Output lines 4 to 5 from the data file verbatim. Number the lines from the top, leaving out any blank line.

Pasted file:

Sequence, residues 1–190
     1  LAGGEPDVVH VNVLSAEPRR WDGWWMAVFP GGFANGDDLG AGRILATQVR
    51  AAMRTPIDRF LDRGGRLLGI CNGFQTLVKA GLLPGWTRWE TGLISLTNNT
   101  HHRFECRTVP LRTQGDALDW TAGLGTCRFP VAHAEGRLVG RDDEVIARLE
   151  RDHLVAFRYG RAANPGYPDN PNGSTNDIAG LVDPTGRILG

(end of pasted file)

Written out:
   101  HHRFECRTVP LRTQGDALDW TAGLGTCRFP VAHAEGRLVG RDDEVIARLE
   151  RDHLVAFRYG RAANPGYPDN PNGSTNDIAG LVDPTGRILG